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You know you're a Clydesdale when your fork and headset break after a race

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You know you're a Clydesdale when your fork and headset break after a race

Old 05-16-23, 05:44 PM
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You know you're a Clydesdale when your fork and headset break after a race

I made a goal to ride the Paris to Ancaster gravel race this spring, the 70km classic. It was awesome, soaking wet, and full of mud!

I started cleaning my bike afterward and realized every thing that spins on my bike either didn't or sounded like it was grinding sand.





Around 60km in my steering was erratic and stem was loose. I think I found out why! Anyway, a new rebuild is underway and Im hoping to contribute some more this summer as I get some miles under my belt.
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Old 05-17-23, 06:23 AM
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I'm thinking heavy and strong riders need a new complete bicycle on a regular basis. My riding buddy is 215 lbs and I'm amazed how fast he burns up rims, spokes, chains, etc. The shifters and derailleurs are keepers, but he uses up most of the machine in 5000ish miles.
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Old 05-17-23, 09:36 AM
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Originally Posted by BTinNYC
I'm thinking heavy and strong riders need a new complete bicycle on a regular basis. My riding buddy is 215 lbs and I'm amazed how fast he burns up rims, spokes, chains, etc. The shifters and derailleurs are keepers, but he uses up most of the machine in 5000ish miles.
hopefully not a regular thing for me lol! That said Iíve broken three spokes this year, broken the fork and headset, replaced the bottom bracket. Iím also upgrading the brakes and cables/housing to help make everything easier.
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Old 05-17-23, 03:36 PM
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Originally Posted by BTinNYC
I'm thinking heavy and strong riders need a new complete bicycle on a regular basis. My riding buddy is 215 lbs and I'm amazed how fast he burns up rims, spokes, chains, etc. The shifters and derailleurs are keepers, but he uses up most of the machine in 5000ish miles.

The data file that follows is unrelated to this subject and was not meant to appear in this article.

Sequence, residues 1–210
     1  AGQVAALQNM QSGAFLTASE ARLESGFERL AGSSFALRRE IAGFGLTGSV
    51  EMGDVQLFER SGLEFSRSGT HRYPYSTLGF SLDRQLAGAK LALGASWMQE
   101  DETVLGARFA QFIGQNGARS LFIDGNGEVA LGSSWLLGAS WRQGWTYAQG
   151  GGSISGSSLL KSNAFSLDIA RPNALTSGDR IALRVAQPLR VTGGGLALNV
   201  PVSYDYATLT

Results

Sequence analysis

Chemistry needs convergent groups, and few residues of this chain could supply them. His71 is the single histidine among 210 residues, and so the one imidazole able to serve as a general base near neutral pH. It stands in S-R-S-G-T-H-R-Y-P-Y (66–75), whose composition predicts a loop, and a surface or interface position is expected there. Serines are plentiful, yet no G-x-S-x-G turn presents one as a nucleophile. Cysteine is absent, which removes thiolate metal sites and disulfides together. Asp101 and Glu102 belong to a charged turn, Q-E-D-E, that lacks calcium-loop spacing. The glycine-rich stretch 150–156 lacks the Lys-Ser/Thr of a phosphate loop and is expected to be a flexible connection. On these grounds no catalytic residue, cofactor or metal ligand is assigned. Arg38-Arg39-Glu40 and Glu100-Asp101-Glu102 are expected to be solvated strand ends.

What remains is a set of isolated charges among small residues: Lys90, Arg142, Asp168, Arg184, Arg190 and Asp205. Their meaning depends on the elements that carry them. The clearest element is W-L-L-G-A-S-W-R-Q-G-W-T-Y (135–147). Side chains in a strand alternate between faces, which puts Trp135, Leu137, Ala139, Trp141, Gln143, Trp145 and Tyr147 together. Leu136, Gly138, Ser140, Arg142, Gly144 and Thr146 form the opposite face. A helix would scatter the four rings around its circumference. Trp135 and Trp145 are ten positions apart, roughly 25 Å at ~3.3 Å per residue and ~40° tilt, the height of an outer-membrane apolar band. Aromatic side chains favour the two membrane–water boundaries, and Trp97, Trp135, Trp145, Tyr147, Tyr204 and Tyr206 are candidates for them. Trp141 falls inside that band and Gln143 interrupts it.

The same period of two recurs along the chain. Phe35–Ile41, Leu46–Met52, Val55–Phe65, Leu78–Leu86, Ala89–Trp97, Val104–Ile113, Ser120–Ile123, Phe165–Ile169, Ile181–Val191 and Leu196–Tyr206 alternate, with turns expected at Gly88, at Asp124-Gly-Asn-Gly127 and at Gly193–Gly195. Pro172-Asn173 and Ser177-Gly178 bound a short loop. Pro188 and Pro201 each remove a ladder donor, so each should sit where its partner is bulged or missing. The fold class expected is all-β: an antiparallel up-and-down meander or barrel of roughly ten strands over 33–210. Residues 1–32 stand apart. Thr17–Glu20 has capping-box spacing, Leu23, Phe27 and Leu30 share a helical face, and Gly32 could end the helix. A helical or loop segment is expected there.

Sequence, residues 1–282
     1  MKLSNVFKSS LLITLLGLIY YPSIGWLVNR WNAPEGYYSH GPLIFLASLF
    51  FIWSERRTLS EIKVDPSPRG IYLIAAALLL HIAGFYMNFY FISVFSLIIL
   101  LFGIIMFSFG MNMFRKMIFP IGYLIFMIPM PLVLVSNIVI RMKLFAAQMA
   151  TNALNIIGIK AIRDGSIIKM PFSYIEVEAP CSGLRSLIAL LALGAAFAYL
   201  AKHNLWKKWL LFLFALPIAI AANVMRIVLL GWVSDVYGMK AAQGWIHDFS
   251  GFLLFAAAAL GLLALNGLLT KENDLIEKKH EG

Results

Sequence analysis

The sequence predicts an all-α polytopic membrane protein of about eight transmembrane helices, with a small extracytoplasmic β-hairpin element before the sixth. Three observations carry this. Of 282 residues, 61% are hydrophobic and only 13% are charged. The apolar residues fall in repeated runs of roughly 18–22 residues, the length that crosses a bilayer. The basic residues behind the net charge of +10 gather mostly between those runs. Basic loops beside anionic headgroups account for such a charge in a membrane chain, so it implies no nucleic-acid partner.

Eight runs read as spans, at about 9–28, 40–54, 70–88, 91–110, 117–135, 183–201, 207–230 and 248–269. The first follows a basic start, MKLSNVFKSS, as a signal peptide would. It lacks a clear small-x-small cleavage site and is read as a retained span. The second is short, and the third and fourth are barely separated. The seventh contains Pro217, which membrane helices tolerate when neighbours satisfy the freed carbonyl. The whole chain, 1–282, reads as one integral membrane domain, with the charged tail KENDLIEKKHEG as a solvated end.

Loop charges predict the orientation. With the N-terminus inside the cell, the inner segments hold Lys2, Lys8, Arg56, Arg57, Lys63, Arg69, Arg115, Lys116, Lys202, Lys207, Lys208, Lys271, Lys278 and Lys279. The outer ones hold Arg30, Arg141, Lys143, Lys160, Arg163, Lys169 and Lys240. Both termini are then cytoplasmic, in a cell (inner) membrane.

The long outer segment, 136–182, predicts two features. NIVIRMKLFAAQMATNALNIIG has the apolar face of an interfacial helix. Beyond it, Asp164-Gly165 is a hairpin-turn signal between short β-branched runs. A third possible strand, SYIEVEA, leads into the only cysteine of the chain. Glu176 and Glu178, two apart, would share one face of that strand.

Depends on what youíre riding. I easily put at least 1,500 miles of loaded touring miles on my LHT every year, plus commuting and general transportation miles. The rims lasted 7 years without one broken spoke. New chain and cassette maybe every three years, but thatís primarily due to how the bike is used, not my 220 lbs. Iíve replaced other parts, but again, it has been primarily due to riding conditions. For example, a headset doesnít last as long when your bike sits out all night in rain with only a pine tree for cover. Then there are the hilly/ mountainous, unpaved miles under load.
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Old 05-17-23, 03:45 PM
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I am surprised they're still slotting the steer tubes. That weakness has been known for several decades.

Did your bike have cantis or V-brakes?

It looks like some more modern high quality components would fare better, although steel should be good.

Don't over-tighten the stem.
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Old 05-17-23, 04:41 PM
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Originally Posted by CliffordK
I am surprised they're still slotting the steer tubes. That weakness has been known for several decades.

Did your bike have cantis or V-brakes?

It looks like some more modern high quality components would fare better, although steel should be good.

Don't over-tighten the stem.
Iím building it back up with quality components. Iím installing an Ultegra bottom bracket, Tektro CR720 cantis to replace the vintage Diacompe 980s, FSA Duron 1Ē headset, and narrower bars too. The 46cm cowchippers were too wide and Iím not sold on the flared drops.
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Old 05-21-23, 11:41 PM
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I weigh in at 265lbs and ride in mud and rain a bit every winter. I haven't had any problems because I don't beat my bike and I always clean it after uses looking for problems. Usually headsets and bottom brackets of any quality can keep out mud. I did break a rear drive side spoke last year. None this year so far. Regular checks on spoke tension is a given at my weight. Rain might get in but again better headsets and bottom brackets have pretty good seals to stop that. Lower quality headsets and bottom brackets will allow in dirt and water and have to be rebuilt/replaced fairly regularly if you are in bad conditions. Looks like you are on the right track with the purchase of better quality replacement parts. The brake upgrade for this type of braking system is V-brakes. This would also mean you would have to buy long travel handlebar levers and a pair of brake wire noodles along with the V-brake arms. V-brakes are definitely more powerful than cantilever but both are more than adequate brakes for everything up to and including MTB riding in the mountains.
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